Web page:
We thought, because we had power, we had wisdom. ... ...Steven Vincent Benét...
Commentary of the Day - January 19, 2001: Power to the People!
As things have gone from bad to worse in California's power crunch, we at Krispy Kreme U. have been sitting here in the cold and dark wondering what ever happened to the "golden" state. Lately, we have begun to look like some kind of a third-world country.
It seems that the bumpkins in the state legislature up in Sacramento led by our former governor "Sneaky Pete" Wilson were taken in by the siren song of deregulation, and in their infinite wisdom they decided to deregulate the investor-owned electric utility companies here in California. Little did they cogitate on the effects of prior deregulation schemes. (The savings and loan debacle and airline deregulation come to mind.) But, buying into the argument that deregulation would lead to lower electricity bills for the average consumer, they passed a scheme that has nearly brought the economy of the state to its knees.
Under this loony plan the three major private electric utilities were required to divest themselves of their electric generating plants over a period of a few years. The idea was that the utility companies would no longer control both the generation and delivery of electric energy. Instead, they would simply be responsible for the delivery of electricity produced by independent owners of generating capacity. Supposedly, competition between these independent suppliers would lead to electricity being available at lower rates to both large and small consumers.
The geniuses in the state legislature overlooked one small issue. Namely, under divestiture the power plants would end up in the hands of companies based outside California, who could then sell their power to the highest bidder anywhere in the land. At the same time, the three California power delivery companies were limited in what they could charge customers for electricity for varying periods of time, and they were limited in their ability to enter into long-term agreements to buy energy. This past summer San Diego Gas & Electric was allowed to pass through its actual cost for energy to its customers, and bills for many consumers skyrocketed. Pacific Gas & Electric and Southern California Edison still are constrained in what they can charge consumers for the power they deliver.
As the cost of electric power in the spot market has jumped owing to a lack of generating capacity in the West, both P.G. & E. and S.C.E. have been bleeding cash at astronomical rates. As their debt loads rise into the billions of dollars, both companies teeter on the edge of bankruptcy while many suppliers of electricity withhold their available excess power from the California grid. In northern and central California rolling blackouts have been in effect for the past 48 hours. Here in southern California we have been on the brink, but thanks to the willingness of the publicly owned Los Angeles Department of Water and Power to sell their excess generating capacity the lights have remained on - barely - for Southern California Edison customers.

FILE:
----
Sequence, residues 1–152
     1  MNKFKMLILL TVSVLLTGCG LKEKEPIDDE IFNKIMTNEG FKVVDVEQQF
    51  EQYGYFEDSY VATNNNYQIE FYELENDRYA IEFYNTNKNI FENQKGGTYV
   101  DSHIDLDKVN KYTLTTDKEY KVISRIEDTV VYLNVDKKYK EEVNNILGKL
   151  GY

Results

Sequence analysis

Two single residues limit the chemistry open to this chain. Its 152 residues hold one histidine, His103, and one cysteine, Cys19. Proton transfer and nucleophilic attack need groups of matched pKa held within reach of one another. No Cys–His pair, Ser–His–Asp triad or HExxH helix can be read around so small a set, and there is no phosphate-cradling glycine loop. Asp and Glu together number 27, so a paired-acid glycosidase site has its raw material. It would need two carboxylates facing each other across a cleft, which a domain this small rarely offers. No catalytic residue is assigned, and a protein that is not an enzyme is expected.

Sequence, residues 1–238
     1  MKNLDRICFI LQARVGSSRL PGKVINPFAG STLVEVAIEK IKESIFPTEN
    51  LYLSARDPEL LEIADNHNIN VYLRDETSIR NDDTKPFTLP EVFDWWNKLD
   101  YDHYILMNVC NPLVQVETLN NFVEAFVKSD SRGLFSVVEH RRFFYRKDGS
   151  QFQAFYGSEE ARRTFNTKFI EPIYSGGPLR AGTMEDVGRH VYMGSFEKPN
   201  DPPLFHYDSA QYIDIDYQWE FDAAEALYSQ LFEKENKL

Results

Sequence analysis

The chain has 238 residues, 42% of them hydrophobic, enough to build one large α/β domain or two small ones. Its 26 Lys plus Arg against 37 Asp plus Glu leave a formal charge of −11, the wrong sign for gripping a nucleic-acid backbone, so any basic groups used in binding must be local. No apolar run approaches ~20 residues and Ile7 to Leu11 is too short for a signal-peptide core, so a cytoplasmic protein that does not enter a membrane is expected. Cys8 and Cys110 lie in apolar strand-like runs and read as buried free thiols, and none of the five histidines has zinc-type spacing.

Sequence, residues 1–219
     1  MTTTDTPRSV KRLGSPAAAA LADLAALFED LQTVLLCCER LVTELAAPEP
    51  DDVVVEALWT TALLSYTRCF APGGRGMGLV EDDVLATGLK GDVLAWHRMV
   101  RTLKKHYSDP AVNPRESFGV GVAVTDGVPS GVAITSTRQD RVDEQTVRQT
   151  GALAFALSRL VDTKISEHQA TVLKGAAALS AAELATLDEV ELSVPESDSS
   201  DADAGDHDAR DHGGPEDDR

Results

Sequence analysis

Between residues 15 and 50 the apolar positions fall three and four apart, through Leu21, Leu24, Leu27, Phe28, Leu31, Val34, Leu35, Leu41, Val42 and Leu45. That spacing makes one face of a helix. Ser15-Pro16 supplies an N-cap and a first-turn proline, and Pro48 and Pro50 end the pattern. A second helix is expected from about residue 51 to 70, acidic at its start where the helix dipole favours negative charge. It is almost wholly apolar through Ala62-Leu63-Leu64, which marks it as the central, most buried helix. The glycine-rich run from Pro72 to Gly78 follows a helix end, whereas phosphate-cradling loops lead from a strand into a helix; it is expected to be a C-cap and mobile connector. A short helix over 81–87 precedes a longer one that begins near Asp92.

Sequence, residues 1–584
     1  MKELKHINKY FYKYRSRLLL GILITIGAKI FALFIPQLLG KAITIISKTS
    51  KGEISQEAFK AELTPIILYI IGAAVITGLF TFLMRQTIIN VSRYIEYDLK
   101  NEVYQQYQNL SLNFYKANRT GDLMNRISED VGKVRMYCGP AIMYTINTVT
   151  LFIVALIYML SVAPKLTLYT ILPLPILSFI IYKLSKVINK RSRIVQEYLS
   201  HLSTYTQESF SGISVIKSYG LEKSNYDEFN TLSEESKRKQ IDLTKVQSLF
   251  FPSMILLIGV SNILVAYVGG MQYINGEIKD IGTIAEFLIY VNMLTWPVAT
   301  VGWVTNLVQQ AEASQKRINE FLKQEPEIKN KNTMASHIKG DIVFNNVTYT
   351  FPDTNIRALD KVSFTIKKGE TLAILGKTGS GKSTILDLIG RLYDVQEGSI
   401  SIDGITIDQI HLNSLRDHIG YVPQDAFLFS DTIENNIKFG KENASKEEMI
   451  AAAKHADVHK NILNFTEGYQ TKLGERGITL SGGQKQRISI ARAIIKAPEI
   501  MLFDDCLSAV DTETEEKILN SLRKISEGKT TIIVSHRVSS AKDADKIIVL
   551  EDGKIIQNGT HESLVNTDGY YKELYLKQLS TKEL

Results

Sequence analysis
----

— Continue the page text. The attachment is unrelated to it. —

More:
What's all this have to do with education? Well, first of all it's a great education in basic economics. The free market works well when there is real competition, but some business - like the electric power business - are natural monopolies. The market isn't free for them. There was a reason why these utilities were regulated in the first place. Duh!
Second, it shows how gullible education management is. Many colleges and universities in California signed up with P.G. & E. and S.C.E. for extra low electric rates under contracts that allowed the utilities to drop them from the grid (or charge them exorbitant rates) at times when power is in short supply. Locally, some campuses of the California State University system have had to cancel classes and close down completely as a result of the power crisis. Here at Krispy Kreme U. faculty and staff have been sent home early every day this week, so that the campus can reduce its electric energy consumption. It seems that when the universities and colleges entered into these contracts they were looking backward at the reliability of a regulated utility environment, and not forward to the "brave new world" of deregulation.
Here in Orange County, which seems to have a unique ability to find less than stellar investment vehicles for its public funds, we have learned that the County Treasurer's Office in a brilliant move recently bought $40-million worth of Southern California Edison Co. notes for the county's school district investment pool. So much for lessons from Orange County's recent bankruptcy.
The final lesson to be learned is that well-run and well-regulated public electric utilities have weathered this storm in a much better fashion than their private counterparts. Let's hope that the Governor and the state legislature will repair this unworkable deregulation scheme.
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©2001 Dr. Mark H. Shapiro - All rights reserved.